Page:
Stress has a bad reputation. A number of studies have revealed its negative effects on health and emotional well-being. But did you know that stress is there for a reason?
In the past, stress saved our ancestors from threats and predators by triggering an escape response.
This makes it possible to turn off non-essential bodily functions during fight or flight situations.
But right now we are not running from predators. Instead, we live in a world that stresses out in new ways. Stress still causes the same bodily reactions, but its effects are relentlessly damaging to the soul, not protecting it.
Fortunately, there are several ways to combat this negative impact. Try the stress-relieving activities below.
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1. Smile more
You may think that smiling is a reflection of happiness. But research shows that smiling (no matter how you feel) can improve your mood in stressful situations.
It’s best to smile at everyone when in a community. If you want to smile alone, make sure no one is around you.
2. Love your pet
Just 15 minutes of petting a dog can release feel-good hormones (such as serotonin, prolactin, and oxytocin).
This activity also reduces the stress hormone cortisol, according to a University of Missouri-Columbia study.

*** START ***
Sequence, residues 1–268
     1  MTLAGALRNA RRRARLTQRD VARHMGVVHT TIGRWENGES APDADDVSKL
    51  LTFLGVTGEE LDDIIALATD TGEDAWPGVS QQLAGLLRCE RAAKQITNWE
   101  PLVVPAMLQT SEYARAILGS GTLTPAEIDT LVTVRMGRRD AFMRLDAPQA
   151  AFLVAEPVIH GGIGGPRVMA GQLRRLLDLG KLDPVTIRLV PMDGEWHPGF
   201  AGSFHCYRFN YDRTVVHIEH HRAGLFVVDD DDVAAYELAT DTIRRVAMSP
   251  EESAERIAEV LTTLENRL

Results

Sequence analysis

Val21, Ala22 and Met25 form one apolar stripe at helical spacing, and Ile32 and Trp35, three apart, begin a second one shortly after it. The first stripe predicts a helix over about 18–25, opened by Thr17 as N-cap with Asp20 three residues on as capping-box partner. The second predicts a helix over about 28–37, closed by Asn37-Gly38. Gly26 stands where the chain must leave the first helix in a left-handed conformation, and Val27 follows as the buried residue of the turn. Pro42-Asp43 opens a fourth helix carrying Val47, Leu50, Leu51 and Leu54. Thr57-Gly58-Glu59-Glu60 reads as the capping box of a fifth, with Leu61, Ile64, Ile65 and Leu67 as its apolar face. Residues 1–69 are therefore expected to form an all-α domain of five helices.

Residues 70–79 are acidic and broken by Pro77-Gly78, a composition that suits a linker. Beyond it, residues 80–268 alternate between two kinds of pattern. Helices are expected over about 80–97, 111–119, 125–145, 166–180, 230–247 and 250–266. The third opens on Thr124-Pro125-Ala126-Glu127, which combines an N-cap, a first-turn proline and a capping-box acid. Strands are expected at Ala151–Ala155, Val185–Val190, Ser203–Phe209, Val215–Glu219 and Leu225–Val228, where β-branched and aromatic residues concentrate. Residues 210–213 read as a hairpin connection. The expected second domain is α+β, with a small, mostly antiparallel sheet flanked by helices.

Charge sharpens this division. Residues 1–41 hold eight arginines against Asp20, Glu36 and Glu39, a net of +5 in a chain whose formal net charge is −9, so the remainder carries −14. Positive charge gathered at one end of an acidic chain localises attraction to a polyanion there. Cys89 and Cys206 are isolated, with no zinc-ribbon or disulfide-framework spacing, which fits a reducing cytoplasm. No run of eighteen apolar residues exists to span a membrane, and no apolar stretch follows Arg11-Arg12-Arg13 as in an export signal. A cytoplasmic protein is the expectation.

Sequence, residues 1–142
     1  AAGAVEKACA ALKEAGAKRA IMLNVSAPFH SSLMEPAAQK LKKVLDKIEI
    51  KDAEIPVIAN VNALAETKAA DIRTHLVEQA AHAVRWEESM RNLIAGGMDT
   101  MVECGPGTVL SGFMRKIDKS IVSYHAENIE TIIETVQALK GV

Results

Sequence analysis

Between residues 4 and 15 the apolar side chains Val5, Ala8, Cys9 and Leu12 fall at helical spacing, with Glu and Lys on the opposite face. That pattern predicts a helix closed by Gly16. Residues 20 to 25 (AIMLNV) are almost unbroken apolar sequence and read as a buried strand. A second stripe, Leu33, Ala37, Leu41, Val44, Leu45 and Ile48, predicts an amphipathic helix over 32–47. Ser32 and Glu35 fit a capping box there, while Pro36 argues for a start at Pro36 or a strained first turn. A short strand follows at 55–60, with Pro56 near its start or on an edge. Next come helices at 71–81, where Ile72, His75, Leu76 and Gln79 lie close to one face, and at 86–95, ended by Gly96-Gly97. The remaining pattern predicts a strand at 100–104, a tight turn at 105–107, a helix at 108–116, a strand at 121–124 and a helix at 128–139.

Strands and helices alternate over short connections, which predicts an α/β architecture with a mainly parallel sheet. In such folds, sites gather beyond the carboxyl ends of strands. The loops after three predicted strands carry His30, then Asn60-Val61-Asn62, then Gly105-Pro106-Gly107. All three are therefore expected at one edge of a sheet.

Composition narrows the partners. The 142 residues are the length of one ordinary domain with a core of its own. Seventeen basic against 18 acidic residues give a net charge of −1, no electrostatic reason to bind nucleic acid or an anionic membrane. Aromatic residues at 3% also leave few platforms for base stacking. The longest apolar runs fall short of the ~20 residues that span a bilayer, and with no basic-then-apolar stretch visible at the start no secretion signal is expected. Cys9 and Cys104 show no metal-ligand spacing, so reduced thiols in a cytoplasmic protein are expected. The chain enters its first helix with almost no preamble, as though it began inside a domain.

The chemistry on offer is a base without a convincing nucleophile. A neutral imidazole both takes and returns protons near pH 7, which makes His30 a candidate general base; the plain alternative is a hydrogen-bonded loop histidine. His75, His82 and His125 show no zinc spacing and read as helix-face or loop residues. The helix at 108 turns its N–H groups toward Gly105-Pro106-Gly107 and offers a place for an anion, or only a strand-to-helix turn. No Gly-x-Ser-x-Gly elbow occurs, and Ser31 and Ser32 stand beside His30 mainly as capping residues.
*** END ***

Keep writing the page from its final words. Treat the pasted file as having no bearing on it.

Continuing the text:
In addition, it can lower blood pressure, aid heart disease recovery, and increase self-esteem.
3. Make memories
Research has proven that experiences make us happier than material possessions. Therefore, invest in meaningful life experiences.
Plan fun activities with your family, friends, girlfriend or whoever. Then document it in the form of photos.
Your brain will associate a photo with the memories behind it. Not only will you have good memories, but you will also feel the stress of your life is reduced.
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4. Connect with other people
We were created to make connections with other human beings and create communities to manage life’s challenges.
Interacting socially makes us feel the support to escape from the pressures of life. Research even shows that those with strong social ties live longer and healthier lives
Join a healthy community where you can pour out unregistered and comfort you in times of stress.
5. Keep a journal
Writing can help you process any stressful event and reduce anxiety at the same time. Try jotting down a few thoughts each day.
Then you can read it again at the end of the week or the end of the month. You will know the things that make you depressed and you will know how to deal with them later.
6. Take a deep breath
Has someone ever told you to “take a deep breath” when you were upset? Maybe these words are also often said in films when one of the actors is facing pressure or is about to get angry.
It turns out that it is true that taking deep breaths can relieve stress. According to the American Institute of Stress, taking deep breaths for 20 to 30 minutes daily can calm your body’s stress reaction. Focusing on deep breathing can also have a calming effect during stressful situations.